Morrison, on the other hand, warrants more nuance and empathy than Sounes is capable of conjuring. True, the Lizard King was, by most accounts, all too often a braying, inebriated ass. On the other hand, there are plenty of friends and acquaintances who describe him as the proverbial Jekyll and Hyde: when not drunk, he was capable of humor, kindness and generosity. And he was also capable of ethereal brilliance; lost on Sounes are the ways Morrison channeled his vices into unique and affecting visions. A simple assessment of his material dealing with alcohol reveals a trifecta of masterful songs that also work as poetry: “Roadhouse Blues”, “End of the Night” and especially what might rank as rock music’s finest meditation on the irresistible pull of drink, “The Crystal Ship”.

Like Hendrix, Joplin simply seemed to get caught up in the chaos that accompanies life in the spotlight; unlike Hendrix, she had deep-rooted insecurities and a profound self-loathing (like Cobain and Winehouse) that led her to seek solace from miscellaneous chemicals. Hendrix is the only one who seems relatively well-adjusted and mostly in control of his faculties throughout. He enjoyed the party because he could, but he took his life, and his music, very seriously. More, he harbored no apparent desire to harm or annihilate himself, so his death still seems a genuine misadventure, a freak incident that still stings to this day.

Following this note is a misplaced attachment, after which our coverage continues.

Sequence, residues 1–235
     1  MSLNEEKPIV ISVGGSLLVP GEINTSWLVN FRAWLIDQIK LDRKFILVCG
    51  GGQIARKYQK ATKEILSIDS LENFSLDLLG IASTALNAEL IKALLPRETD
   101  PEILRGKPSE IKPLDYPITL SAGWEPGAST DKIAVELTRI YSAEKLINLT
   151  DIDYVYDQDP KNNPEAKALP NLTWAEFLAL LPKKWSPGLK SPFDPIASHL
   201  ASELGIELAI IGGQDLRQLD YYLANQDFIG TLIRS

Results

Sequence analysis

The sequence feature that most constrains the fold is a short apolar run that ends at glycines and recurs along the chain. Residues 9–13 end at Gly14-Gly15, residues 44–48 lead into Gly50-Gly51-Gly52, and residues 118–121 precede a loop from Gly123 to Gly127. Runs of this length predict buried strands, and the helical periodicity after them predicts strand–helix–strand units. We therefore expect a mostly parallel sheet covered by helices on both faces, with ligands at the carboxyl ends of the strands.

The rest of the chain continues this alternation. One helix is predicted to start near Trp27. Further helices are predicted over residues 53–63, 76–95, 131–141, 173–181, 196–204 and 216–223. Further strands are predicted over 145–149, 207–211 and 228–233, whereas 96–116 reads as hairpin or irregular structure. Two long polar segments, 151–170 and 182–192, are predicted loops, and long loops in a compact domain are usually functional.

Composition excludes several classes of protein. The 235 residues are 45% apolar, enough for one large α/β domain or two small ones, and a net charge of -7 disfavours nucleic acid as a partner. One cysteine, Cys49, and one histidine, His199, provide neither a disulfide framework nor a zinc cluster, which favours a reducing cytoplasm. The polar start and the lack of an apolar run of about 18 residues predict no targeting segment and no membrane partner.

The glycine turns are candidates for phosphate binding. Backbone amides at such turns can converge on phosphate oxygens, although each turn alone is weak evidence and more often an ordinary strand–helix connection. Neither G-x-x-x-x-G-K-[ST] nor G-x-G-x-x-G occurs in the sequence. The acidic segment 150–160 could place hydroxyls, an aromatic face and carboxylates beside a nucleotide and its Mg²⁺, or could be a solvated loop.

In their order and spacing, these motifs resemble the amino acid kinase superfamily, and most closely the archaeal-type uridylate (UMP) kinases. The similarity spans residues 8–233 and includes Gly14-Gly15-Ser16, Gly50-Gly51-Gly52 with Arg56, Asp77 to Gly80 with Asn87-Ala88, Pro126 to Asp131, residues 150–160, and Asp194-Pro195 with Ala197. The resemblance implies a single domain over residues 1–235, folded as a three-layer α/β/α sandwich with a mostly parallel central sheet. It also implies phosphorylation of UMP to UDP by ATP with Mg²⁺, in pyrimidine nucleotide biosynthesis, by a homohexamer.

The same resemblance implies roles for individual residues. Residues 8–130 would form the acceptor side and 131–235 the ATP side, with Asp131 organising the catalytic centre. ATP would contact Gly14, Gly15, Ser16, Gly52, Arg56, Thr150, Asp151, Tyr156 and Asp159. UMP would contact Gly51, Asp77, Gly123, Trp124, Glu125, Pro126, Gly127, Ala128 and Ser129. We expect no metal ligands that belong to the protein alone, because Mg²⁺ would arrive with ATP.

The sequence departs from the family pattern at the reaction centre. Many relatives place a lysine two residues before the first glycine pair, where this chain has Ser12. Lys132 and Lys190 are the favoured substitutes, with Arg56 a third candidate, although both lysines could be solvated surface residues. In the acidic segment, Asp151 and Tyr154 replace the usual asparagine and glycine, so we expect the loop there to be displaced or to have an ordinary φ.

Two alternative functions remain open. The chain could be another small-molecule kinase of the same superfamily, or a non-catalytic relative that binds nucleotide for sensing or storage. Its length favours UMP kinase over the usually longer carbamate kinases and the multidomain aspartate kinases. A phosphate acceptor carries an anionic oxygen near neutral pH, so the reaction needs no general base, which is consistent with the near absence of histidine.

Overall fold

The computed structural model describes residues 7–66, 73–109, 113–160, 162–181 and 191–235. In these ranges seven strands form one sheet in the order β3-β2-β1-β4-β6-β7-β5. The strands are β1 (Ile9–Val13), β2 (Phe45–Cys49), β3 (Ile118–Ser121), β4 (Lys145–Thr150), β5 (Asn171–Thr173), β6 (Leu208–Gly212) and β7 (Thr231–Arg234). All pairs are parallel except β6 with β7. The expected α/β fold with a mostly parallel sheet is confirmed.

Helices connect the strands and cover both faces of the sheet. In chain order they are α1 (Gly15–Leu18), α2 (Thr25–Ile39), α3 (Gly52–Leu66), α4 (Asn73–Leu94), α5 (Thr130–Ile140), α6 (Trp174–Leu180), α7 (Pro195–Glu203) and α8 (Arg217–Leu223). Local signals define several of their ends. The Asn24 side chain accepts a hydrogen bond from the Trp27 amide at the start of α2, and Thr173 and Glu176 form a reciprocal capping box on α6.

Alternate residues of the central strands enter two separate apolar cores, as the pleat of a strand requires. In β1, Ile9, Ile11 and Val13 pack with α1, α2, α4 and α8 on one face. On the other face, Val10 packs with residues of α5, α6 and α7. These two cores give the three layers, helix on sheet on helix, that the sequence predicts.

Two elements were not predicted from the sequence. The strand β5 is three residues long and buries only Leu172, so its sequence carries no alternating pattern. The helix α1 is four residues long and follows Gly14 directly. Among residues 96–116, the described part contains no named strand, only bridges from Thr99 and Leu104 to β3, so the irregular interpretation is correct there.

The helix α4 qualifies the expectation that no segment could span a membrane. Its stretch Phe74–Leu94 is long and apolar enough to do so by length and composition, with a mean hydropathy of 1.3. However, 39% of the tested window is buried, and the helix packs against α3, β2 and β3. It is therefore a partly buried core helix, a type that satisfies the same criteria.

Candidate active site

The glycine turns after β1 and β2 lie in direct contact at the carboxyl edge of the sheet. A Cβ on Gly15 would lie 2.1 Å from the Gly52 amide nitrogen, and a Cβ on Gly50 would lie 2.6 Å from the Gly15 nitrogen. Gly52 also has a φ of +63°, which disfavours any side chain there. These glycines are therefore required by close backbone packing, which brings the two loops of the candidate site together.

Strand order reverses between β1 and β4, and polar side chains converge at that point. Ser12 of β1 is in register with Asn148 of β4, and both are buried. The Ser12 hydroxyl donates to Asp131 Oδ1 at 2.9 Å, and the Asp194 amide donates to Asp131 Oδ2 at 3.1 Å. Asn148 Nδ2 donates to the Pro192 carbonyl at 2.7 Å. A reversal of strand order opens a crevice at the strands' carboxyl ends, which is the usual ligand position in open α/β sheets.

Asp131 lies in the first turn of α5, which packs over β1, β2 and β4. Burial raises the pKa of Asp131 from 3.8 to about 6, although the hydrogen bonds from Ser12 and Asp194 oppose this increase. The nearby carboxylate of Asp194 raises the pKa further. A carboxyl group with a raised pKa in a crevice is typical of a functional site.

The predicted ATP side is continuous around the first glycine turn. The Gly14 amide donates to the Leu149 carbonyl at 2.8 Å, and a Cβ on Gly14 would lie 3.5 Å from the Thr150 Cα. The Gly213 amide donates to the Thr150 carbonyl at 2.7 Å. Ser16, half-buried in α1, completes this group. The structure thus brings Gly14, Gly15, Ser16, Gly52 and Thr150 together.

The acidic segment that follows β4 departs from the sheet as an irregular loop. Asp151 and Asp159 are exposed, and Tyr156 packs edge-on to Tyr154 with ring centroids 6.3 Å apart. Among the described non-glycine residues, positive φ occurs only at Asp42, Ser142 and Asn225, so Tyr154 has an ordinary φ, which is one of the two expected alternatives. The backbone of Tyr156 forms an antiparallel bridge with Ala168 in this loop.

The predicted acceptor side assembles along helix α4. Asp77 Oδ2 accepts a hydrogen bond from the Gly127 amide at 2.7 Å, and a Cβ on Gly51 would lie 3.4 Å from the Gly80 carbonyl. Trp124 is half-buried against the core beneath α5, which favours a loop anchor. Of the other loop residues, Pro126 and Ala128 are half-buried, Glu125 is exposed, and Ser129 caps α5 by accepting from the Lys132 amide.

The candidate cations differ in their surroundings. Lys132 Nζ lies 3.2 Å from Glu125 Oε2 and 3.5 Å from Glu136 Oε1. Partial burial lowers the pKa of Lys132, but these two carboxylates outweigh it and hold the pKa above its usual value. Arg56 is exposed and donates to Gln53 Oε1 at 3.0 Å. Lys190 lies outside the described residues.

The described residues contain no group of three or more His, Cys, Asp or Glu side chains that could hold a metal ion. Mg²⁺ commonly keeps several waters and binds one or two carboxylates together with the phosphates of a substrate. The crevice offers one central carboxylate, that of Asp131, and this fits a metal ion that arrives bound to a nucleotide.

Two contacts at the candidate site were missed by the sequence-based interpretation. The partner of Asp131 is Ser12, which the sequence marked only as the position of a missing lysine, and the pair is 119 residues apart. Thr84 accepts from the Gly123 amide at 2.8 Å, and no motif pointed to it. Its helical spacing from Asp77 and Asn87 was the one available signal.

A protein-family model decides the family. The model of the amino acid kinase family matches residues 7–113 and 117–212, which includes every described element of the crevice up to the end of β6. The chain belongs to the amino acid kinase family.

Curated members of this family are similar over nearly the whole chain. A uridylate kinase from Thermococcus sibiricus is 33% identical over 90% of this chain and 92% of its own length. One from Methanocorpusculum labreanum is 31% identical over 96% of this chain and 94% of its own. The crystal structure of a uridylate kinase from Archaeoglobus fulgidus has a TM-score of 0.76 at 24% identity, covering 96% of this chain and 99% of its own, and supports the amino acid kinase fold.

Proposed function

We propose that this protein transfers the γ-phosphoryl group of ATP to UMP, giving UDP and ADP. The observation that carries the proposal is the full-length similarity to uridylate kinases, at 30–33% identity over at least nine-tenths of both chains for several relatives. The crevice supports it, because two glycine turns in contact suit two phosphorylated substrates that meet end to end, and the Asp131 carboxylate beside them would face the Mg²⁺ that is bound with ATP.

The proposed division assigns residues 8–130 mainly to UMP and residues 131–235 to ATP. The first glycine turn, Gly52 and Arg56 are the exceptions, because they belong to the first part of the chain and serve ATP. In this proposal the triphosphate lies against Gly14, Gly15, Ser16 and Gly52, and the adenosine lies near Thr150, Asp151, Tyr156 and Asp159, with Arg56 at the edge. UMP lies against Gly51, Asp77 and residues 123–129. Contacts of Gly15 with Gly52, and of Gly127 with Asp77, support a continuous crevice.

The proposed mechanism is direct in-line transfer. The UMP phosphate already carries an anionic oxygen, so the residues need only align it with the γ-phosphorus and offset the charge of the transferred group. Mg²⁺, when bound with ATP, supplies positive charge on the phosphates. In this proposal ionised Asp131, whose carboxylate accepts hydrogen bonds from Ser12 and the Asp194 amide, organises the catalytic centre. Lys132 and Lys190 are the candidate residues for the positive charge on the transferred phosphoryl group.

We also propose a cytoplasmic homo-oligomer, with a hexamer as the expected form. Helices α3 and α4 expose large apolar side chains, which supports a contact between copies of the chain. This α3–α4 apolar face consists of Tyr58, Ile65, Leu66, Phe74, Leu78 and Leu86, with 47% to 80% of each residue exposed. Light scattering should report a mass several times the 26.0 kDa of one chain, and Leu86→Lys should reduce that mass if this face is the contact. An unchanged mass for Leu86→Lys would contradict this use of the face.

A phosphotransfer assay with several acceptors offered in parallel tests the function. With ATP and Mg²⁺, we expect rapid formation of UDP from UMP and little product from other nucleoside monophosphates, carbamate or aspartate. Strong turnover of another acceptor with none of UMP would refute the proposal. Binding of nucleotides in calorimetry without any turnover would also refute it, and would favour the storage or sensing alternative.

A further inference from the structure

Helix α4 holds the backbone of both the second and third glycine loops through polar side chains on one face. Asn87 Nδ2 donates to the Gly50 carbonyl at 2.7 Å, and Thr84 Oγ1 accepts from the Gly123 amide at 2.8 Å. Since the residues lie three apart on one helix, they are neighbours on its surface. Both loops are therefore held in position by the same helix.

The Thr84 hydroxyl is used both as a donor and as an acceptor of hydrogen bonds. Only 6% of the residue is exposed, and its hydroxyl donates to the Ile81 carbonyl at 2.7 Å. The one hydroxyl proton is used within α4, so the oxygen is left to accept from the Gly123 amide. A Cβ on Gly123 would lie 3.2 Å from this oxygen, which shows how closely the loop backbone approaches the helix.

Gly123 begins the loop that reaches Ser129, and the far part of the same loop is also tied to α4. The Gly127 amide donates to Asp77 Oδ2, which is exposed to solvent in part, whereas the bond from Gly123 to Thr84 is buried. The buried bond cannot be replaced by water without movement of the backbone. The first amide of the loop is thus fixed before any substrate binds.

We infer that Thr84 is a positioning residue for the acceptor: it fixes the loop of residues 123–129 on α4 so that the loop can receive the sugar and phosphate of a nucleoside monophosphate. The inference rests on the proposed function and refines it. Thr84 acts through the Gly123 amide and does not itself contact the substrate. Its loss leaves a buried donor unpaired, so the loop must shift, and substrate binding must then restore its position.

Sounes helpfully demolishes any/all conspiracy theories, ranging from the familiar (Morrison lives!) to the far-fetched (Hendrix was murdered), and while we’ll never know exactly what happened to Jones and Joplin, the drugs found in their systems combined with the backstory of their final months in this earthly form leave little to the imagination.